Leftist MK: Regulation law is a waste of time

Broshi slams government's inability to make a decision; says there is no question that Amona residents need to be expelled.

Hezki Baruch,

Kindergarten Children in a Twn in Samaria
Kindergarten Children in a Twn in Samaria
Mateh Maavak Amona/Gidi Sharon

MK Eitan Broshi (Zionist Union), former secretary of the Kibbutz Movement, and former Assistant Defense Minister for Settlement Matters, attacked the government Saturday evening, on the topic of its inability to make decisions regarding the future of Amona.

Broshi explained that, "The government is hesitating and is unable to make decisions about 'settlements.' As a result, the chances that the government will succeed in following the High Court's orders to destroy Amona before the end of the year are slim to none."

According to him, the attempts to pass the Regulation Law against the wishes of the Attorney General, are not serious and waste precious time.

Broshi, who recently visited Amona, said this evening that, "From my experience as Assistant Defense Minister for Settlement Matters, and [from when I was] responsible for the expulsion of Migron and several houses in Amona, I know how complicated and complex such an expulsion can be....I am therefore wondering why the government is idling, instead of making a decision, despite the fact that the High Court has ordered the expulsion to be carried out by the end of December."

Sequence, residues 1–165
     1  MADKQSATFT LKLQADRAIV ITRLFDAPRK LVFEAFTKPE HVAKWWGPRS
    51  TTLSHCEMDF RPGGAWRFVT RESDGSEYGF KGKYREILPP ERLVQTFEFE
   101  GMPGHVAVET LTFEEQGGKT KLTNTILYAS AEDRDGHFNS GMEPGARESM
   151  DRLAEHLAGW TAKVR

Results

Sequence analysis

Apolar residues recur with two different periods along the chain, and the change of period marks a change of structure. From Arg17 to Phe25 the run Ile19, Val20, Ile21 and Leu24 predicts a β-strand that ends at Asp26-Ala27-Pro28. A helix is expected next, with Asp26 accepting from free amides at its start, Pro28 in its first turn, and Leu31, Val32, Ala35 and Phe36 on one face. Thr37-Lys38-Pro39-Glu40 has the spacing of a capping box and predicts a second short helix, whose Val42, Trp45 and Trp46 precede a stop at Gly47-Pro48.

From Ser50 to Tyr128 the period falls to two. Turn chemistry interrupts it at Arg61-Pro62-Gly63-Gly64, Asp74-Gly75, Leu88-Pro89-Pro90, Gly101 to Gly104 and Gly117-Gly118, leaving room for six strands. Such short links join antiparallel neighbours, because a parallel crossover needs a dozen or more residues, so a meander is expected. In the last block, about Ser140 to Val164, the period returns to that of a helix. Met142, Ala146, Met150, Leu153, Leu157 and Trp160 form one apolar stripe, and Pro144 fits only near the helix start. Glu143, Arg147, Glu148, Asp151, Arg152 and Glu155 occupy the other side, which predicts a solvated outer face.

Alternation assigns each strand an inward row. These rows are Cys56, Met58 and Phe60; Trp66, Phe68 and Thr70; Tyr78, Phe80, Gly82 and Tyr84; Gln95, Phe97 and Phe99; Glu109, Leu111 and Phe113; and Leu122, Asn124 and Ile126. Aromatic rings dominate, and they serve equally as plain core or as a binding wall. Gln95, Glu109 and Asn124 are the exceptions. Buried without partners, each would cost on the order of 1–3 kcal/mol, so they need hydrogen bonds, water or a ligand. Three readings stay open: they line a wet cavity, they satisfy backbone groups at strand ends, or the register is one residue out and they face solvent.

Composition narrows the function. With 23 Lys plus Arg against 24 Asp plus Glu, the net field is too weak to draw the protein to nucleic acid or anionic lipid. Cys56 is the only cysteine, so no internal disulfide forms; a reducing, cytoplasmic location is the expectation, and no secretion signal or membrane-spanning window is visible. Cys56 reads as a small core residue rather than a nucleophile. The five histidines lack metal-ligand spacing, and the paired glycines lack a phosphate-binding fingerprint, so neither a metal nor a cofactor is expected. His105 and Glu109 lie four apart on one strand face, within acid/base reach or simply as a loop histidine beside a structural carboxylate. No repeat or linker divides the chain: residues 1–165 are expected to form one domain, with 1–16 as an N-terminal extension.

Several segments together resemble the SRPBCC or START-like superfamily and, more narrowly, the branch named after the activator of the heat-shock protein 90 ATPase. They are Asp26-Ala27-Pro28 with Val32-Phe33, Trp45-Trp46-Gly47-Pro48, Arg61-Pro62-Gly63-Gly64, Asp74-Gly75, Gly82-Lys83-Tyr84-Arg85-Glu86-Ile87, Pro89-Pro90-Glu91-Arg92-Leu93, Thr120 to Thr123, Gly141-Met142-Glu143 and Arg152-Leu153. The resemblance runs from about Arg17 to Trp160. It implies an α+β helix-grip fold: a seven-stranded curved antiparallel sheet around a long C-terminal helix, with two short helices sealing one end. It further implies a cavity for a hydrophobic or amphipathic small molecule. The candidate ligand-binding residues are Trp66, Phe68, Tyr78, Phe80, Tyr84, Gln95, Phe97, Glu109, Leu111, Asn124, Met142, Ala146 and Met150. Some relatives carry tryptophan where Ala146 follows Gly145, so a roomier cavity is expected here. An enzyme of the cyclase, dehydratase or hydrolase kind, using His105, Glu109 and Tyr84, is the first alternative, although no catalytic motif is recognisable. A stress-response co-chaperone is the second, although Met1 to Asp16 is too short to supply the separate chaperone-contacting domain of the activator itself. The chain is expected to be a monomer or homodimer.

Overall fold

"When I visited Amona a month and a half ago, I came in order to learn about the topic and listen to the residents, but I also came to look them in the eye and tell them that they cannot continue living on private land."

MK Broshi emphasized that Amona is an "illegal settlement" that has been sitting on private land for more than twenty years.

"It is the government's job to find an agreeable, correct and legal solution as much as possible. It does not make me happy to see 40 families, with 200 children, expelled from their homes, but the law is above everything. The government's inability to make a decision only makes things more difficult for everyone," he concluded.

There is no evidence that the disputed land in Amona belongs to any Arab Palestinian. It cannot be considered "privately owned" unless there is a legitimate owner. Israel's Supreme Court, however, does not examine ownership issues, but receives depositions from both sides before making a decision. That gifted land was registered does not give it title or the status of deeded land.




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